September 2016
Volume 57, Issue 12
ARVO Annual Meeting Abstract  |   September 2016
Retinal blood vessels may be used to detect the sign of defocus
Author Affiliations & Notes
  • Norberto Lopez-Gil
    Physics, Universidad de Murcia, Murcia, Spain
  • Mateusz Tomasz Jaskulski
    Physics, Universidad de Murcia, Murcia, Spain
  • Fernando Vargas-Martin
    Physics, Universidad de Murcia, Murcia, Spain
  • Philip B Kruger
    State University of New York (SUNY), New York, New York, United States
  • Footnotes
    Commercial Relationships   Norberto Lopez-Gil, None; Mateusz Jaskulski, None; Fernando Vargas-Martin, None; Philip Kruger, None
  • Footnotes
    Support  Fundación Séneca de la Región de Murcia (15312/PI/10). Marie Curie ITN grant "AGEYE" 608049.
Investigative Ophthalmology & Visual Science September 2016, Vol.57, 3958. doi:
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      Norberto Lopez-Gil, Mateusz Tomasz Jaskulski, Fernando Vargas-Martin, Philip B Kruger; Retinal blood vessels may be used to detect the sign of defocus. Invest. Ophthalmol. Vis. Sci. 2016;57(12):3958. doi:

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      © ARVO (1962-2015); The Authors (2016-present)

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Purpose : We propose a new strategy that may permit the visual system to get objective information of the sign of defocus under monocular viewing conditions. It is based on the differences between the retinal images focused in front or behind the peripheral retina produced by the presence of a blood vessel network of arteries and veins in front of the photoreceptor layer.

Methods : We performed two types of studies: geometrical and diffractional retinal image simulations using ray tracing software (Optics Studio, Zemax®); and experimental measurements, using a camera with a fine printed irregular reticle of 25 microns, placed a few tenths of a millimeter in front a high resolution CCD. Two types of images were compared: with the image out of focus in front (myopic) or behind (hyperopic) the ideal image plane (photoreceptors or CCD layer).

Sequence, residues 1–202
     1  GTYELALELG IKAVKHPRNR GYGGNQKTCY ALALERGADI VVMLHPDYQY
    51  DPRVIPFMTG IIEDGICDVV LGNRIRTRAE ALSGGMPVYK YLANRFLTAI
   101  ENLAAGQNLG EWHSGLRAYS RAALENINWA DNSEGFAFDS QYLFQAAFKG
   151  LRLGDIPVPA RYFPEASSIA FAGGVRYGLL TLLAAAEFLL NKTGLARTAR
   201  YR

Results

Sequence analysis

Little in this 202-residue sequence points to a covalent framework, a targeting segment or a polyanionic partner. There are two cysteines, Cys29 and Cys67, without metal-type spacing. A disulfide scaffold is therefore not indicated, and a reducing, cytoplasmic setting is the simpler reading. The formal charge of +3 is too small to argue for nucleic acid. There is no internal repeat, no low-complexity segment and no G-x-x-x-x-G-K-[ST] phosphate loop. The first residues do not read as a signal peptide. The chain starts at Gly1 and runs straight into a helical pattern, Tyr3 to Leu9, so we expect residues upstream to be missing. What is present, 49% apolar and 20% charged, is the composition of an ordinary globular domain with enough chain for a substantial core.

Results : Myopic and hyperopic retinal images of extended objects are different when the simulated blood vessel network or a real reticle is placed in front of the ideal image plane. These differences are not found in the absence of the vessels/reticle. Ray-tracing simulations and experimental images show that myopic images of extended objects formed close to the vessels/reticle plane present larger values of contrast at high spatial frequencies than the hyperopic or in focus images (figure). This effect is more evident when the spatial frequency of objects and vessels are similar. In particular, Fourier analysis of the experimental myopic and hyperopic images defocused approximately by the same amount, shows a different phase transfer function as well as a larger power spectrum magnitude (between 2.4 and 9 times larger at 12 c/deg) in the myopic image compared to the hyperopic one. This phenomenon can be explained by geometrical optics as it is due to different shadow and penumbra shapes originated by the vessels/reticle depending on the sign of defocus.

Conclusions : The retinal image formed through a blood vessel network contains information about the sign of defocus that may be used by the visual system as an objective cue for accommodation under monocular vision. The increase of higher spatial frequency content in the myopic image in the retinal periphery (where blood vessels are present) may play a role in the emmetropization process and inhibit myopia progression.

This is an abstract that was submitted for the 2016 ARVO Annual Meeting, held in Seattle, Wash., May 1-5, 2016.


Letter chart images with a fine reticle in front the CCD.

Letter chart images with a fine reticle in front the CCD.


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